There is renewed focus on Uganda’s Constitution following news of an intention by the NRM/Museveni junta to carry out major amendments that include removal of age-limit from qualifications of persons eligible for election as president.
Though a raft of wide-ranging amendments is to be presented by the junta, the one that is (rightly) causing the most excitement is the abolition of age-limit from Article 102(b) of the Uganda Constitution.
This is understandable because, after more than 31 years of a (controversial) Museveni presidency, this provision offered certainty that he would be disqualified for election as President in the next election slated for 2021.
The background to this excitement is because since political independence from British rule in 1962, no Ugandan leader has ever handed over power to another peacefully. The trauma of violence, distraction and uncertainty that accompanies change of leaders weighs heavily on the country.
Along with trouble in changing leaders has been the instability of the Uganda Constitution. Regimes make constitutions that vanish with them. The current Constitution was promulgated in 1995.
The 1995 Constitution was preceded by an elaborate consultative process (conducted by a Constitutional Commission) that culminated in a draft for debate by an elected Constituent Assembly (CA). Trouble started with how the CA was “elected” and the CA process managed.
NRM set up secret district committees that selected people that were funded and State machinery used to get them elected; many CA delegates were appointed into the Executive during the course of Constitution making; etc. This formed a large part of my (controversial) 1999 critique of the NRM.
Therefore, the Constitution making process was significantly manipulated and subverted by Mr Museveni, leading to some essential outcomes that were at variance with views expressed by Ugandans through the Constitutional Commission.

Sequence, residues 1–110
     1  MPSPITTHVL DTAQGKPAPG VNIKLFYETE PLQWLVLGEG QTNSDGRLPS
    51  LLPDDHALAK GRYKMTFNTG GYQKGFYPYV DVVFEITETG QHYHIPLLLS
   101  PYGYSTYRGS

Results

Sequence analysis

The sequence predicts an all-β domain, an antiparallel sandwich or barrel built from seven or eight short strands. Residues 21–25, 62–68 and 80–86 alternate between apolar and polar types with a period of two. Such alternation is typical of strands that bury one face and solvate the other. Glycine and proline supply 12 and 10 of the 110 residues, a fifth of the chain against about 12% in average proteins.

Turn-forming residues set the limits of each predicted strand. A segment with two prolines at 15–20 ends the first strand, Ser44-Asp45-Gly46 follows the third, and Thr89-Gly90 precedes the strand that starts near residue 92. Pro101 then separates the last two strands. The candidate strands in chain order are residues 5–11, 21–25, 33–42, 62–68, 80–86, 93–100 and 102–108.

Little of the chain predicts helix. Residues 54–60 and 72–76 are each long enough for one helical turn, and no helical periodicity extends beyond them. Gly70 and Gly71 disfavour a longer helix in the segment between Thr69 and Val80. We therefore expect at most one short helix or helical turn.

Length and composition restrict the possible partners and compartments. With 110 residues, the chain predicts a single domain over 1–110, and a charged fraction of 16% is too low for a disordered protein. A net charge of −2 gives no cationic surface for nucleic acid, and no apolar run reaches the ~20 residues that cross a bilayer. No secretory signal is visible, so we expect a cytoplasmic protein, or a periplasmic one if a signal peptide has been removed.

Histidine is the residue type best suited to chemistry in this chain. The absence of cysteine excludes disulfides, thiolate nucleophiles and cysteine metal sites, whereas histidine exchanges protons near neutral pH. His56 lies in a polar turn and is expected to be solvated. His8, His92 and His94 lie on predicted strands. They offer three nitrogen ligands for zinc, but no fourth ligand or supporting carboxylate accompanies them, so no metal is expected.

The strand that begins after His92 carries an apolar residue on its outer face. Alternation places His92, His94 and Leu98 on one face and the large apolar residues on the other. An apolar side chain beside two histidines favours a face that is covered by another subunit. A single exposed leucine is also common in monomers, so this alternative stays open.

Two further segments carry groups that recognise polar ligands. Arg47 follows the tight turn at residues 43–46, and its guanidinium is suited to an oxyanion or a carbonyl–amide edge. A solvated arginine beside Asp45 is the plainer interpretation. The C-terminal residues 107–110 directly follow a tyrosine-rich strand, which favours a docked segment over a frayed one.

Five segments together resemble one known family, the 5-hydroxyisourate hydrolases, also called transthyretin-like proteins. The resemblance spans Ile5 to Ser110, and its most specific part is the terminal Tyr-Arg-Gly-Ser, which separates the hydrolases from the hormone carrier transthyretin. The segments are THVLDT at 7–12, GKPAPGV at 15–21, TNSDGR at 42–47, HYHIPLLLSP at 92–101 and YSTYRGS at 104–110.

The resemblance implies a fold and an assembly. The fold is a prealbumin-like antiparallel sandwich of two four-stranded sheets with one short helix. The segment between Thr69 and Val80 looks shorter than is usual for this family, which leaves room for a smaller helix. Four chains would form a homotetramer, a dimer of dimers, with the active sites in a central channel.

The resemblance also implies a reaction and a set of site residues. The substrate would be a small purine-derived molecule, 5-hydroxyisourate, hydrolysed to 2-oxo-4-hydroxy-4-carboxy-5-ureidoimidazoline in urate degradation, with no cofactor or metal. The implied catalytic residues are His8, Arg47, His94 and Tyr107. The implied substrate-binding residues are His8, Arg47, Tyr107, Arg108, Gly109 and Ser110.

The subversion of the process notwithstanding, the 1995 Constitution contained vitally important elements and safeguards. These include: Sovereignty of the people and defence of the Constitution; Bill of rights; some checks on Executive authority; public finances and a (decentralised) local government system.
Since 1995, there have been significant and controversial amendments to the Constitution; clearly unconstitutional laws enacted and implemented; and outright gross violations of provisions of the Constitution.
Important among these amendments were the 2005 amendments that included the controversial removal of term limits on tenure of office of president. This was to facilitate Mr Museveni (the only affected Ugandan) to be a candidate again in 2006!
It’s against the above background that the current public anxiety has been heightened in anticipation of another round of tinkering with the Constitution, especially to remove the only remaining constitutional bar to what’s popularly referred to as a Museveni life presidency.
The Ugandan (and African) State and constitutions
A constitution provides the fundamental principles upon which a state is based; power is exercised and limited; and upon which the state governed.
Therefore, a constitution is made by, and for the benefit of, those who have power over the state. This is a critical matter that underpins Uganda’s (and most of Africa’s) constitutional challenges. Uganda (like other modern African states) was born out of the Berlin Conference (1884/5) that provided for “legitimate” territorial sovereignty over areas occupied by different European powers.
The Ugandan State was created by British coercive forces for purposes of extracting resources and taxes. The coercive control of Ugandans (Africans) was, indeed, not different from organised crime (protection rackets), save for the aura of Berlin Conference “legitimacy”.
The British made laws and rules and introduced advanced bureaucracies for governing Uganda to facilitate the taking resources and collecting taxes.
From 1890, when Buganda (and later other parts of present Uganda) came under British control, Ugandans lost their “citizenship” and became subjects of the Queen of England. They lost power over decision-making;
institutions of the State; and control over resources.
Although independence from British rule (1962) and the Independence Constitution ended direct British control, power was still controlled (by post-colonial rulers) using the same coercive forces- the military and security institutions!
That’s why the Independence Constitution (made by some representatives of Uganda’s main ethnic groups with British “facilitation”) was shortly overthrown, and another imposed by the new rulers. The same source of power afforded the new (Independence) rulers to have control over decision-making, State institutions and national resources.
Since power resides in the coercive forces, all changes of Uganda’s leaders have been mediated by force/ violence. Each regime has had its own constitutional order. I’ve already referred to the status of the current (Museveni) Constitution.
Every armed force that takes control of Uganda seeks to legitimise itself through highly controlled political gimmicks intended to portray people’s consent to their rule. “Ugandans declared” Gen Idi Amin a life president!!